TAC works to grow broad, statewide engagement with the Texas agriculture industry. We use social media to provide the public with industry information, news, and updates. Our newsletter includes further insight into Texas agriculture and the progress of our advocacy efforts for the 88th Texas Legislative Session.
TAC is committed to promoting strong, informed, and active communities in our state. In addition to our agriculture-oriented volunteer work, TAC offers scholarships for two Texas high school seniors to pursue further education in agriculture or a related industry.
Our advocacy arm, Texas Agriculture Connection PAC, serves as a platform to advocate for legislative solutions to issues facing our state's farmers, ranchers, and agriculture-based businesses. We work on behalf of Texas' farmers and ranchers to promote the health and security of the industry and the people in it.
Listening to the concerns of TAC community members is an important part of how we learn about the issues that Texas farmers and ranchers care about most. Though we advocate on a variety of agriculture-related issues, we have three legislative priorities for the 88th Texas Legislature's regular session.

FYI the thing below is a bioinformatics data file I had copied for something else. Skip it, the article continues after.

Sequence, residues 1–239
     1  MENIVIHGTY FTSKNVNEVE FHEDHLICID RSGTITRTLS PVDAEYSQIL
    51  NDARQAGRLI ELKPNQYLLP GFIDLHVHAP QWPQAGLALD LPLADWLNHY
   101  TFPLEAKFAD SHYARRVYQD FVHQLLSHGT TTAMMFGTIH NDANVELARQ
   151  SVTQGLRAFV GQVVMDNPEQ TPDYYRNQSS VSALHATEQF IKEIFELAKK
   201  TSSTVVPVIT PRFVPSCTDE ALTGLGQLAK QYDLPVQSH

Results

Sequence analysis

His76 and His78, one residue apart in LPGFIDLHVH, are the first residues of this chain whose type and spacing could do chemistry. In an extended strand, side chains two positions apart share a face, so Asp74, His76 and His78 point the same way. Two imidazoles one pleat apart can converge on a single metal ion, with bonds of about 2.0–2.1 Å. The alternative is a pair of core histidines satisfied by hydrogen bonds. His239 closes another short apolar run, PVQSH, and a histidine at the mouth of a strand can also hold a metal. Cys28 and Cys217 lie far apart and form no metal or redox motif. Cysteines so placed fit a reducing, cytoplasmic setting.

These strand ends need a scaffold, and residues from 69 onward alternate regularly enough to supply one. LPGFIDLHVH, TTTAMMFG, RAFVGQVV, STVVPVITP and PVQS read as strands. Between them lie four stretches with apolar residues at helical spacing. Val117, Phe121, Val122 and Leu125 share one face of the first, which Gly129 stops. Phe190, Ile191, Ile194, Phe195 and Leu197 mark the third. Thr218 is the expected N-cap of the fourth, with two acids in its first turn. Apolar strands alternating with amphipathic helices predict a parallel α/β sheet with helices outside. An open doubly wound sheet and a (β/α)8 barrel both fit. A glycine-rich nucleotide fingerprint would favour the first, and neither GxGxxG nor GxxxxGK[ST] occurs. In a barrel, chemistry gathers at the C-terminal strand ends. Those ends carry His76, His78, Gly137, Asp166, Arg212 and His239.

Texas farmers and ranchers should be protected from overregulation and city overreach.
Water infrastructure improvements are necessary for ensuring that all Texans have consistent access to clean water.
The rising costs of farming and ranching mean that accessible capital is more important than ever, especially for young and new farmers.
Carter Keating founded TAC with the goal of bringing renewed attention to the Texas agriculture industry and the people in it.
A Texas native, Carter grew up in Victoria, Texas and attended Texas A&M University. There, he earned a bachelor’s degree in marketing and a Master of International Affairs at A&M’s Bush School of Government and Public Service. Carter is passionate about public service and eager to serve others through his work. He moved to Austin to build upon his knowledge of the Texas legislative process and identified an under-served industry with pressing needs: Texas agriculture. He currently serves as Texas Agriculture Connection’s Executive Director.
$24.9 billion worth of agricultural products were sold by Texas farms in 2017. Texas is ranked 3rd in the nation by market value of agricultural products sold.
Texas leads the nation in the number of individual farms operating in the state, with more than 247,000. Ninety-seven percent of these farms are family farms. Operations with agricultural sales of at least $1,000 qualify.
The average age of Texas producers is 59.2 years. This is nearly two years older than the national average. Nearly 38 percent of Texas producers are 65 or older.
In 2020, agriculture accounted for 57 percent of Texas water use. Irrigation and livestock operations used roughly 2.7 trillion gallons of water.
In Texas, the average farm size is 510 acres - 65 acres larger than the national average. Texas has more than 125 million acres of farmland.
Only 6.9 percent of Texas producers are 35 or younger. Prospective young producers need education and capital to start successful agricultural businesses.